Why is this American Indian comic the man in the middle?
He is the man in the middle in many ways. Indian-American comedian, he is equally at ease in the United States and in India. His work includes the highly watched viral video I AM INDIAN (more than 50 million views) and his most recent complementary piece I AM AMERICAN. He co-created with his Indian-American partner Azhar Usman a Hindu/Muslim stand up show Make Chai Not War, which the State Department sponsored for a tour of the subcontinent. And last week, he brought his The Man in the Middle to Capitol Hill to address, among other things, a deficit of laughter in the United States, making him probably the first comedian to act in the House of Representatives.
In a way, it has taken me 20 years to move a block, he jokes, because in 1999 he interned for Republican Congressman Steve Chabot. It was when he graduated from the University of Cincinnati with a degree in materials engineering. He was already venturing into the comedy by inspiration of his brother Rakesh Satyal, who encouraged him to participate in the funniest Person contest in Cincinnati (he reached the semifinals in 1998 and won the title next year), although he was far from political . days.
After a quick dekko in Washington DC, he went to work at Proctor and Gamble between 2000 and 2006, all the time perfecting his material and wondering if he should give up a corporate life for comedy concerts. It was finally launched in 2008, working in comedy clubs (currently included, a weekly concert at Laugh Factory in Hollywood) and opening for artists like Dave Chappelle, before appearing in 2013 with No Man's Land, his own ... person shows about dating (which by the way led to marriage). In 2017, his one-person music program, Taking a Stand, led him to become the first stand-up comic to act on Spotify. In the middle, he opened for Prime Minister Narendra Modi in front of 17,000 people in Silicon Valley, exposing it to the public desi at home (his video I AM INDIA is now routinely used in foreign events of Prime Minister Modi, of Dubai to Shanghai).
But it is his return to Capitol Hill this week, part of a nationwide tour of The Man in The Middle, which has created a stir at a time in Washington DC and, in fact, the entire United States is in full ferment politically and bitterly divided. This does not have to be this way, Satyal argues; There may be disagreements without rancor. In fact, Satyal does not hide the fact that he is not a fan of Donald Trump. A flyer for the program said it will invite Representatives, Senators and President Pence. But the program itself, labeled #TheFoolOnTheHill with the self-contempt that is typical of stand-ups, leans toward the middle, taking photos. to both Democrats and Republicans when Satyal tries to make sense of what is happening in the United States.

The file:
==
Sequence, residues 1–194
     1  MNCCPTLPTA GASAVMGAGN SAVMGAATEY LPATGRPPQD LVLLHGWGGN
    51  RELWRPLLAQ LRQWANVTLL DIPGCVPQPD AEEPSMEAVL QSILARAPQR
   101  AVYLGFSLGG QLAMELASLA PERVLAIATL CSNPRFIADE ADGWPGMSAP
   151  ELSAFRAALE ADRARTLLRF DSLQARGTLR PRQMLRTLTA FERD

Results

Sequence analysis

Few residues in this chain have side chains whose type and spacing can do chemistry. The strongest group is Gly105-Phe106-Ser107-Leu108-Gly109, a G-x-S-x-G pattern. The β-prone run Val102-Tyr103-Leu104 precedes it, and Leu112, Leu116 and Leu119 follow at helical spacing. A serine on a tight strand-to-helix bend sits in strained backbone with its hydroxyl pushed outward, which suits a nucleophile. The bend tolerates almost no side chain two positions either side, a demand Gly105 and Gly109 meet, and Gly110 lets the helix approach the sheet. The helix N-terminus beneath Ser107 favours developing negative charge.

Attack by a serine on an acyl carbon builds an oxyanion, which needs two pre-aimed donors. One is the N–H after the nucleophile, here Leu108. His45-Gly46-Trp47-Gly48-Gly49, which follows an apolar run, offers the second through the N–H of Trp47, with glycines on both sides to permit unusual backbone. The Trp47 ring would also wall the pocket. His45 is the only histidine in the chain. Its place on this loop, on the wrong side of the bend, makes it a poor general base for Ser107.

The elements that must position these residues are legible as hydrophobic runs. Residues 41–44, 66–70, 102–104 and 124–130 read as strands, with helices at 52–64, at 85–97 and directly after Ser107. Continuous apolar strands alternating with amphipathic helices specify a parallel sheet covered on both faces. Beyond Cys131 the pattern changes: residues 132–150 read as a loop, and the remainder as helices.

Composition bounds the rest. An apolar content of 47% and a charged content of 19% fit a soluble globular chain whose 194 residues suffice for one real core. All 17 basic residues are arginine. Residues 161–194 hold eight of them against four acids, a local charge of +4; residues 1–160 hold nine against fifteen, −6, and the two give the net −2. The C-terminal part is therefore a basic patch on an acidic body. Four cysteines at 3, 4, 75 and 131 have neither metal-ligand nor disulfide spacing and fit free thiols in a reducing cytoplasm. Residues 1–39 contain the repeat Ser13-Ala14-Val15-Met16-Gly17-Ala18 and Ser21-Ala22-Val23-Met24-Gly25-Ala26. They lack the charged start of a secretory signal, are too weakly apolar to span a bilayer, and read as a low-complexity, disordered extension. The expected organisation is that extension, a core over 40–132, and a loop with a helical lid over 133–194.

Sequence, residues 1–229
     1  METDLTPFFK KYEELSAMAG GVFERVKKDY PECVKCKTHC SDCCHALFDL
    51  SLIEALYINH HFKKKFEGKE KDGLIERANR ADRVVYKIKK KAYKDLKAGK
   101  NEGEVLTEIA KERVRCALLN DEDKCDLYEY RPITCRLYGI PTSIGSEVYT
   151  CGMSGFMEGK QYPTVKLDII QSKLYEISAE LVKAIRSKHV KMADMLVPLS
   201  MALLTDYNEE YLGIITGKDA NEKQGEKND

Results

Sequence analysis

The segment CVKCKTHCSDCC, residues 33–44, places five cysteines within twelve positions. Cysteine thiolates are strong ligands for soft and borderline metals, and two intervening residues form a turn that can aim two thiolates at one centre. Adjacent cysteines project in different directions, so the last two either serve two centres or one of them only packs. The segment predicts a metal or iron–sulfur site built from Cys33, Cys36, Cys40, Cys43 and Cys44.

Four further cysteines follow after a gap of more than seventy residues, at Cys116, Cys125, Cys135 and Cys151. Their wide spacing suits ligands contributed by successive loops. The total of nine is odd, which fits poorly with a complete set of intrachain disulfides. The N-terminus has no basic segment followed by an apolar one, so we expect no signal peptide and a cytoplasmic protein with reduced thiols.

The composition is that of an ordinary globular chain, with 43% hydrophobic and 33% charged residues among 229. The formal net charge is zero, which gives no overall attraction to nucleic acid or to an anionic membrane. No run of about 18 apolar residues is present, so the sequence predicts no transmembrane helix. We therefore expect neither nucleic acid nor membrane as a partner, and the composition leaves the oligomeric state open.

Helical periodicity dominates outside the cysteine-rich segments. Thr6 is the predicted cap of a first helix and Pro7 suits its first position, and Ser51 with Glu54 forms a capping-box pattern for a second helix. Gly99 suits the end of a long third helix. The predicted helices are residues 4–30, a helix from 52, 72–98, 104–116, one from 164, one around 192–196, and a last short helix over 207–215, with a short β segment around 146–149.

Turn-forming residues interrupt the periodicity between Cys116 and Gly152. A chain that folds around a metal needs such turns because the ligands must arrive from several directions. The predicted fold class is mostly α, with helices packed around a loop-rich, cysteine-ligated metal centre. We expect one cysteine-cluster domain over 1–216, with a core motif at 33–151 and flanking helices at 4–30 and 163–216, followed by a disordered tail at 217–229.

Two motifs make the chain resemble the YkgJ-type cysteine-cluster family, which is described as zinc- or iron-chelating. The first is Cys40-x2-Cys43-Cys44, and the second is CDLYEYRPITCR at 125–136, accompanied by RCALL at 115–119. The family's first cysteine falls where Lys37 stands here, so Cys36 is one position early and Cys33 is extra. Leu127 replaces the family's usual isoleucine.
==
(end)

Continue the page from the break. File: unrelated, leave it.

Much of the material is drawn from his own experience, including the personal journey of how he is dealing with the fact that his father voted for Trump (the mother is a Democrat). A large amount of material also focuses on the wider experience of Indian immigrants, including conflicting political drives in the Indian-American community. We are minorities, so we support Democrats, but we are also rich, so we support Republicans, he jokes, and points out that support for the Republican Party among American Indians could also be due to their elephant symbol, which Indians see as Mr. Ganesh. On the problem of illegal border crossing, he wonders why the United States should not be surprised by the Mexican invasion: you cannot name a border state of New Mexico and not expect Mexicans to come see it. The comedy is clean and well crafted, and good for 9 and more because that seems to be the intellectual level of many elected officials.
To fine tune the script, Satyal hired Pat Hazell, who wrote in Seinfeld, and who told him something very insightful: The show is not about Trump; It's about you. People don't want to come to a show and watch someone rant about someone else. He is not in the room, you are. The end result, when he performed The Man in the Middle in his hometown of Cincinnati, where probably half of the audience was made up of Trump voters, received a big ovation.
The same goes for Capitol Hill, where a crowd of people just applauded their feat of having a Democrat and a Republican telling a joke before the camera. Satyal, who will be performing in Mumbai next week, says that his goal at this time is to make as many people watch the show as possible, since he has a message of unity, although nothing would make him happier than watching him leave. Trump, except maybe Netflix special that his former roommate and friend has nailed.